Qabbalat Shabbat: Friday, 6:00 p.m. Torah Study: Saturday, 9:00-11:00 a.m. Weekday Minyan: 6:15 p.m.

Our History

"From its beginning in 1854 as a traditional German shul to its current status as the largest Reform Synagogue in New England, Temple Israel has been an important force in Boston and American Jewish life. The congregation's ongoing efforts to adapt to changes in American society while preserving balance - between tradition and innovation, between acculturation and distinctiveness - exemplify the transformations in religious worship practices, education, and social justice that mark modern American Reform Judaism."

Becoming American Jews,
Brandeis University Press

1.6.1 Wakefield cemeteryWakefield Cemetery

2.5 Columbus Avenue synagogue

Columbus Avenue Building

Rabbi Levi

Rabbi Harry Levi

3.14 Meeting House

Meeting House


Martin Luther King, Jr. in Boston

becoming american jews

Becoming American Jews

The introduction of Temple Israel’s healing services in the 1990’s as a response to the AIDS crisis.

Key Moments in TI History


Founding of Temple Adath Israel by 25 families from southeastern Germany who broke from Ohabei Shalom along with Rabbi Joseph Sachs


Purchase of the Wakefield Cemetery


Dedication of Columbus Avenue synagogue building: Indicative of the growing size and wealth of congregation, influence of its members and leaders.


Founding of Auxiliary Society – This society was the first internal temple organization dedicated to social service, cultural activity, education, and social functions


Dedication of Commonwealth Avenue Temple built by Clarence Blackall: Attended by prominent Jewish and political leaders, the dedication of the new temple building demonstrates the growing size of the congregation, as well as the rising influence of its members and leaders in the community


Installation of Rabbi Harry Levi led to changes within the religious school by implementing new policies such as paying teachers, establishing branch schools, and refocusing the curriculum on more traditional Jewish subjects


First Congregational Seder: “For the first time we liberal Jews indicated that we wanted to participate in old Pesach traditions with our own version,” Abram Vossen Goodman. This seder was the first to follow the Reform-sponsored Union Haggadah.


Radio Broadcasts: Rabbi Levi’s first radio broadcasts of sermons launched a new era of interfaith educational efforts by taking advantage of Levi’s “genius for selling Judaism to Christians,” his speaking ability, and advances in radio technology led to his being known as the “Radio Rabbi”.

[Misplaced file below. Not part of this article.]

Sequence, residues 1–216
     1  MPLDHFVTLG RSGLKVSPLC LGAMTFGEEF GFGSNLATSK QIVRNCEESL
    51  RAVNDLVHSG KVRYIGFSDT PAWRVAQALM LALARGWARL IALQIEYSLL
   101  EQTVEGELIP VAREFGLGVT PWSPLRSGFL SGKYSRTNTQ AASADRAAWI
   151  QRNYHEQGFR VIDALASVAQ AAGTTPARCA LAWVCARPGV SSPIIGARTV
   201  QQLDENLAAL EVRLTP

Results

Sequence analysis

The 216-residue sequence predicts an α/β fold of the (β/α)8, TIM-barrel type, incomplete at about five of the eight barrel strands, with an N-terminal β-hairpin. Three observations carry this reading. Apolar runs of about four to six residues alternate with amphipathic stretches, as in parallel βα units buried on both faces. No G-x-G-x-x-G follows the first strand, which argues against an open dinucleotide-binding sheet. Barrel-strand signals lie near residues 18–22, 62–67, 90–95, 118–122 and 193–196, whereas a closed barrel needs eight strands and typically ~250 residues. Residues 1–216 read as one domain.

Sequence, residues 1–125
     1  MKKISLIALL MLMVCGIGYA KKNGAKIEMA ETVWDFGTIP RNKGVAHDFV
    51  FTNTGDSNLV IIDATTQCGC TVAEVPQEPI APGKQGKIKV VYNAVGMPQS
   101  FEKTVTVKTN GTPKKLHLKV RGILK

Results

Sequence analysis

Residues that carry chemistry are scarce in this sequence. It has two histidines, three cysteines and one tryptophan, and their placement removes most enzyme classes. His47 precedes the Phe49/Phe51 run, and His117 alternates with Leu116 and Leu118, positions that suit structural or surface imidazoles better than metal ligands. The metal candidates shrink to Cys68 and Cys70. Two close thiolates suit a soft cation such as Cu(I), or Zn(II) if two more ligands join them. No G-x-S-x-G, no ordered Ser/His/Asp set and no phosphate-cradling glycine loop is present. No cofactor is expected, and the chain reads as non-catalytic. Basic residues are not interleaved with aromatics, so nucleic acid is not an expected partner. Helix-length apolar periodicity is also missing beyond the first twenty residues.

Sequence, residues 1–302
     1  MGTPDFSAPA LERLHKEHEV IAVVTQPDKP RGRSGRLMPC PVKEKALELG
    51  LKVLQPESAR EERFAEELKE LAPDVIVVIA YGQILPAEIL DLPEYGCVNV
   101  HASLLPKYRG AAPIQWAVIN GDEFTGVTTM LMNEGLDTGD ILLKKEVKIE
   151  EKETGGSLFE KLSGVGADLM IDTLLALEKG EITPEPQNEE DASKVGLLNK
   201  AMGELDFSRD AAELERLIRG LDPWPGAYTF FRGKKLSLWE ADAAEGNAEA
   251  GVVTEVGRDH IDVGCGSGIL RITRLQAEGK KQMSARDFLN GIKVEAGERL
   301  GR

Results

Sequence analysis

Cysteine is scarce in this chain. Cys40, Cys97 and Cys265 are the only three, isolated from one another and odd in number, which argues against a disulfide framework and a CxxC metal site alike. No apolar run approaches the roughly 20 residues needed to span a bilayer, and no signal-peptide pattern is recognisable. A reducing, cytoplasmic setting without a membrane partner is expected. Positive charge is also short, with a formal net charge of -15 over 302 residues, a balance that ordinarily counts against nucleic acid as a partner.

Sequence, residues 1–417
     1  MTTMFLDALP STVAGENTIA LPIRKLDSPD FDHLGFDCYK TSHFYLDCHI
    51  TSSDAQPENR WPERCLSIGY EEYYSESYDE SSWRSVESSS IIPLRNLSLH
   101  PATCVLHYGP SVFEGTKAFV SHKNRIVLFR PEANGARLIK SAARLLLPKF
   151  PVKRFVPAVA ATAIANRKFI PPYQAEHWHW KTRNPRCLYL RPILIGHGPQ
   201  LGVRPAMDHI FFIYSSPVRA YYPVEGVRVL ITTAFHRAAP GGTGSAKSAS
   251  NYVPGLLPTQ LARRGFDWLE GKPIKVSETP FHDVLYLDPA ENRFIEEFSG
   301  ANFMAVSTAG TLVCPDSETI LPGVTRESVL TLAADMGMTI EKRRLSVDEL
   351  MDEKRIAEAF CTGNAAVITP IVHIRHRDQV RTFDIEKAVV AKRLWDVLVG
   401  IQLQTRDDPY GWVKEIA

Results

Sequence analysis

New Meeting House: The building of a new meeting house represented the congregation’s commitment to Jewish education, social and cultural activities, and its growing membership.

1950's & 1960's

Social Action Committee: With his installation in 1954, Rabbi Gittelsohn brought a new commitment to social action to Temple Israel during his tenure. Some important projects included the Boston Ruleville Interfaith Committee (BRIC), and Rev. Martin Luther King’s visit to Boston in 1965.


Israel Week/Expo Israel: These celebrations demonstrate Temple Israel’s new connection with Israel, its heritage, and its current political plight.


Installation of Murray Simon as the Temple’s First Cantor


Completion of a new sanctuary as part of the expanded Riverway campus. Sculpture, Sky Covenant commissioned by Jewish sculptor Louise Nevelson placed in front of entrance


Rabbi Mehlman becomes senior rabbi and remains in this position until 1999


First gay family joins the congregation of Temple Israel


Rabbi Elaine Zecher becomes the first female Rabbi at Temple Israel


Opening of the Frances Jacobson Early Childhood Center under director Helen Cohen


Rabbi Ronne Friedman succeeds Rabbi Mehlman as Senior Rabbi


150th Anniversary of Temple Israel; after Massachusetts becomes the first state to legalize gay marriage, gay marriage ceremonies are held at Temple Israel


Publication of Becoming American Jews: Temple Israel of Boston by Meaghan Dwyer-Ryan, Susan L. Porter, and Lisa Fagin Davis (Waltham: Brandeis University Press, 2009). Every member family is entitled to a copy of Becoming American Jews, courtesy of the Wyner family, and Emily’s Table, courtesy of the friends of Emily Mehlman, z”l.


Rabbi Elaine Zecher succeeds Rabbi Ronne Friedman as Senior Rabbi, and becomes Temple Israel’s first female Senior Rabbi